Cincinnati Children’s Doctor Biking 700 Miles in Seven Days
Journey Will Raise Awareness and Research Funds for Rare Immune Disorder
Thursday, September 25, 2014
After years of seeing children and their families battle a mysterious immune disorder with few treatment options, Cincinnati physician Ashish Kumar is taking the fight out of the hospital and to the open road.
On Oct. 4, the pediatric hematologist at Cincinnati Children’s Hospital Medical Center will join over 20 other riders as they bicycle 700 miles in seven days from Natchez, Miss., to the medical center’s front door in Avondale. Their goal: raise awareness and research funds for a rare and hard-to-diagnose immune disease with a very long name – hemophagocytic lymphohistiocytosis, or HLH.
“Many physicians have never heard of HLH,” said Kumar. “Pediatric hematologists are aware of it, but recognize it is difficult to diagnose because some of the signs and symptoms are those of any other common infection found in children. There are some confusing and confounding features that make the diagnosis challenging and tricky.”
According to Kumar, too often children are not accurately diagnosed until the disease has progressed to a point of no return. HLH throws their immune systems into irreversible overdrive, and children die from uncontrolled inflammation that destroys their blood cells and immune systems.
“After seeing so many children suffer, this has become a personal cause for me, not just a professional one,” he said. “I want to put the knowledge I have to the best use possible to spread awareness and raise money for research.”
Kumar is participating in the 700 Miles to Hope ride for HLH. Started four years ago by Justin Akin, a St. Louis resident who lost two young sons to HLH, the ride will raise money for research at the HLH Center of Excellence at Cincinnati Children’s, where both of Aiken’s sons died from the disease. The ride will include others who have lost children to HLH, some people whose children survived the disease, and at least one former HLH patient now in his 20s.
Also joining Kumar on the ride are Cincinnati Children’s colleagues, chaplain Mary Ann Hegner and occupational/physical therapist Jill Bakker.
Cincinnati Children’s has become a preferred referral center for the complex disease, in part because researchers have developed better methods of diagnosing HLH early and are conducting extensive research into new treatments. This includes a current clinical trial for a treatment that helps manage the disease by calming down the body’s immune system, and research into what one day might be a gene therapy for the HLH.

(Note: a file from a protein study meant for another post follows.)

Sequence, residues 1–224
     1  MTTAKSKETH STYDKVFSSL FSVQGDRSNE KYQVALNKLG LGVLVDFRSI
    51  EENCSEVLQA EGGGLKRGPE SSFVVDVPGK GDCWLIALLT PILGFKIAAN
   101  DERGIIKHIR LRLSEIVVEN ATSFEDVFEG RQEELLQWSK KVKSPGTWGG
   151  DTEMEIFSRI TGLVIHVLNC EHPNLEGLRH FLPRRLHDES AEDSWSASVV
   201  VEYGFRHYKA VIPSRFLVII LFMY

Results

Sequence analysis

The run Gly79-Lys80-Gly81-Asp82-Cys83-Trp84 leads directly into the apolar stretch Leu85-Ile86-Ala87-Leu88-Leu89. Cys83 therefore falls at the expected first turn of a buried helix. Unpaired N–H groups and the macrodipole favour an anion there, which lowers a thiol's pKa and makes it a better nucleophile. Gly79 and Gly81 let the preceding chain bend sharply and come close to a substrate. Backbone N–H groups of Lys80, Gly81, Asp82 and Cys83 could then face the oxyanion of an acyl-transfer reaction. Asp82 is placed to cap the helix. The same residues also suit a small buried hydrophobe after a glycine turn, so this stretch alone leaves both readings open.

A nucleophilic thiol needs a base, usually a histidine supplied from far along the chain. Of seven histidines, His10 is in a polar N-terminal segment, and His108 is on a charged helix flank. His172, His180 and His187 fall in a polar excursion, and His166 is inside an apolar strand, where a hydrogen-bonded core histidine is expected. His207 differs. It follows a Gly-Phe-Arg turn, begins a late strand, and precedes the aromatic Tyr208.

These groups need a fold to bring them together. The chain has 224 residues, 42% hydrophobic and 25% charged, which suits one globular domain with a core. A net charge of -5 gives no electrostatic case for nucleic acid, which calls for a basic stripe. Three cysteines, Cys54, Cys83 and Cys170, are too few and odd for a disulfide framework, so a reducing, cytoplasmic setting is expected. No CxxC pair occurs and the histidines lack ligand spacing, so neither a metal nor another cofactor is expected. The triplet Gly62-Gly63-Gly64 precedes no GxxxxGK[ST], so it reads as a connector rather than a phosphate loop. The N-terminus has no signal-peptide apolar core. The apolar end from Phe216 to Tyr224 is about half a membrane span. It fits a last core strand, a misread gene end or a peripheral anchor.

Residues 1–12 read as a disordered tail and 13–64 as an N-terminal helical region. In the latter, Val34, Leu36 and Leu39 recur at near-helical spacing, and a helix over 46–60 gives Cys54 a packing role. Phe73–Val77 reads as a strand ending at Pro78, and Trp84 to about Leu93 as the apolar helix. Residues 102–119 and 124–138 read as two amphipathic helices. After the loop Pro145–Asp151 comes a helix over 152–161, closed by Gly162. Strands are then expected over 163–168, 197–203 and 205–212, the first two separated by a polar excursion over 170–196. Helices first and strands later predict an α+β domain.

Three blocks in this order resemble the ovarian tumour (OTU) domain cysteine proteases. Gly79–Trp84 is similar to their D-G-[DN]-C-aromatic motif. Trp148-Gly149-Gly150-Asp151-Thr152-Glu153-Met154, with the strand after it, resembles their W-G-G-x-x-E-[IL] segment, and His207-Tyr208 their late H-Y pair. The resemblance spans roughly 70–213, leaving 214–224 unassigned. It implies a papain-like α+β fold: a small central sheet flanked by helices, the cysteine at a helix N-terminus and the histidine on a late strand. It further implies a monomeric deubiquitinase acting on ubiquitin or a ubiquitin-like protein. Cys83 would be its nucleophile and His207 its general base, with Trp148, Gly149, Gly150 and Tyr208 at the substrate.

The only current treatment for HLH known to be potentially curative is a bone marrow transplant. Unfortunately, this treatment also comes with life-threatening complications, underscoring the need for better solutions.
“There is hope because we have learned so much,” said Kumar. “Ten years ago we knew of only one genetic mutation that causes HLH, and it accounted for only 20 to 30 percent of cases, so for most cases we had no clue. We now know the genetic causes 80 to 90 percent of the time, but HLH still needs better diagnosis and treatment.”
Getting away from his medical center duties for a one-week bike ride is challenging for a busy person such as Kumar, who puts in long days caring for patients and conducting research. His other challenge is wondering if it’s a little crazy to attempt riding a bicycle 700 miles over the course of seven days. Fortunately, he commutes a total of 20 miles a day to and from work.
“It is crazy, and I don’t think 20 miles a day is enough to train for a 700-mile bike ride, so I’ve been training a bit on weekends and trying to fit in as much riding as I can with my schedule,” he said. “I’ve been able to ride 80 miles in a day. If I can do 80 miles alone, this means with a group I can do 100 – on one day. Whether I can do seven in a row, we’ll find out.”
The ride’s goal is to raise $250,000 for HLH research. Kumar has so far raised $2,000 of his personal $5,000 goal.
More information about the HLH Center of Excellence at Cincinnati Children’s and the 700 Miles to Hope ride can be found at:
To view a short video about this year’s ride:
To see a video documenting the 2013 ride:
About Cincinnati Children’s
Cincinnati Children’s Hospital Medical Center ranks third in the nation among all Honor Roll hospitals in U.S.News & World Report’s 2014 Best Children’s Hospitals. It is also ranked in the top 10 for all 10 pediatric specialties. Cincinnati Children’s, a non-profit organization, is one of the top three recipients of pediatric research grants from the National Institutes of Health, and a research and teaching affiliate of the University of Cincinnati College of Medicine. The medical center is internationally recognized for improving child health and transforming delivery of care through fully integrated, globally recognized research, education and innovation. Additional information can be found at www.cincinnatichildrens.org. Connect on the Cincinnati Children’s blog, via Facebook and on Twitter.